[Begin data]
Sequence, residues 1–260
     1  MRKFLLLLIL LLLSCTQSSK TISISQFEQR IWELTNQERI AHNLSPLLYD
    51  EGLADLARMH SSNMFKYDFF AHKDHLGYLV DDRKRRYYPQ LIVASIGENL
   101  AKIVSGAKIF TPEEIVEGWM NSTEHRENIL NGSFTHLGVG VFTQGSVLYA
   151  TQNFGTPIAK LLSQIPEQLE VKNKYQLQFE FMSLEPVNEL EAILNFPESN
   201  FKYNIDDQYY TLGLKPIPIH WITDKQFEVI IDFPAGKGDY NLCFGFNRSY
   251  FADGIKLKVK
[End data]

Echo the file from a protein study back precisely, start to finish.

Sequence, residues 1–260
     1  MRKFLLLLIL LLLSCTQSSK TISISQFEQR IWELTNQERI AHNLSPLLYD
    51  EGLADLARMH SSNMFKYDFF AHKDHLGYLV DDRKRRYYPQ LIVASIGENL
   101  AKIVSGAKIF TPEEIVEGWM NSTEHRENIL NGSFTHLGVG VFTQGSVLYA
   151  TQNFGTPIAK LLSQIPEQLE VKNKYQLQFE FMSLEPVNEL EAILNFPESN
   201  FKYNIDDQYY TLGLKPIPIH WITDKQFEVI IDFPAGKGDY NLCFGFNRSY
   251  FADGIKLKVK